Use the Laplace transform to solve y^(4)-4y'''+6y"-4y'+y=0; y(0)=0, y'(0)=1, y"(0)=0, y'''(0)=1.
Answer: y=te^t-t^2*e^t+(2/3)t^3*e^t
L(y^(4))-4L(y''')+6L(y")-4L(y')+L(y)=L(0)
But I don't know what's L(y^(4)) and L(y''').
Use the Laplace transform to solve y^(4)-4y'''+6y"-4y'+y=0; y(0)=0, y'(0)=1, y"(0)=0, y'''(0)=1.
Answer: y=te^t-t^2*e^t+(2/3)t^3*e^t
L(y^(4))-4L(y''')+6L(y")-4L(y')+L(y)=L(0)
But I don't know what's L(y^(4)) and L(y''').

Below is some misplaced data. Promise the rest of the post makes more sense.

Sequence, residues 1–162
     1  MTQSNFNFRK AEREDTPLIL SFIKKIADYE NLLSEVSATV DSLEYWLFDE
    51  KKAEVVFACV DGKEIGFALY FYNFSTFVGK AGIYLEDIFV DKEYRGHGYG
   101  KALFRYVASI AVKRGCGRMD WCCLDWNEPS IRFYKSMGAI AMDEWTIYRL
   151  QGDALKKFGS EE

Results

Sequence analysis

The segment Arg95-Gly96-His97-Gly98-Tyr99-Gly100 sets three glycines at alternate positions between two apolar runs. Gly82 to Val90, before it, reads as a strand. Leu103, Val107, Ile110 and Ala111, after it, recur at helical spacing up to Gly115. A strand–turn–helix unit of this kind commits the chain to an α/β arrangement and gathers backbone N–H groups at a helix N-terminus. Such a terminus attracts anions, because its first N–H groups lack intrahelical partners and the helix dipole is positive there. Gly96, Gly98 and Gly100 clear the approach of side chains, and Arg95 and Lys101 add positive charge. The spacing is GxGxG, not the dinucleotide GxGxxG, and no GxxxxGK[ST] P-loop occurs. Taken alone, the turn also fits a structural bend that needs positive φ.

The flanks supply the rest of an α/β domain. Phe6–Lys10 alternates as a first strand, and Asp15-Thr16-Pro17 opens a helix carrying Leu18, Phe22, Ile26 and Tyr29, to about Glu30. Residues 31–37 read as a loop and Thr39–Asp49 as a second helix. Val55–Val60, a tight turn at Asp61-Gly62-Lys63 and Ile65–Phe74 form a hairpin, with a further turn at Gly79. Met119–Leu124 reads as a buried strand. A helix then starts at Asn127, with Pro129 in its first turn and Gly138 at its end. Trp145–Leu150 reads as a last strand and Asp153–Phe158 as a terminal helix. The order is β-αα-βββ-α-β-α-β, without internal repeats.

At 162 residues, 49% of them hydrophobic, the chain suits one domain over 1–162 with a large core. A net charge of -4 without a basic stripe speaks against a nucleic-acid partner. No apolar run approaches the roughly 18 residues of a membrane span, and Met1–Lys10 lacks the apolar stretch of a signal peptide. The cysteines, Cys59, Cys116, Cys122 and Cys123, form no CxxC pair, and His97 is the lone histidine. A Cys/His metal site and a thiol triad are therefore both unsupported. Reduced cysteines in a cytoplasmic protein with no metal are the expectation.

This si the amswer to your last question about (s^{2} -4s +7)/(s-1)^{4}. Let's rewrite the numerator:
s^{2} -4s +7 = s^{2} - 2s +1 -1 -2s +7 = (s-1)^{2} -2(s-1) + 4 (1)
If we divide (1) by (s-1) ^{4 }we will obtain:
1/(s-1)^{2} - 2 /(s-1) ^{3} + 4/(s-1)^{4 }(2)
But 1/(s-1) ^{n }is a Laplace trabnform of the function [1/(n-1)! t ^{ n-1} e^{t}.
If you consequitively apply this formula for n = 2, 3, 4 you will come up with function
y(t) = te^{t} - t^{2} e^{t} +(2/3) t^{3} e^{t}
Comments
Never mind. Can you just please tell me how to find the inverse Laplace transform of (s^2-4s+7)/(s-1)^4.
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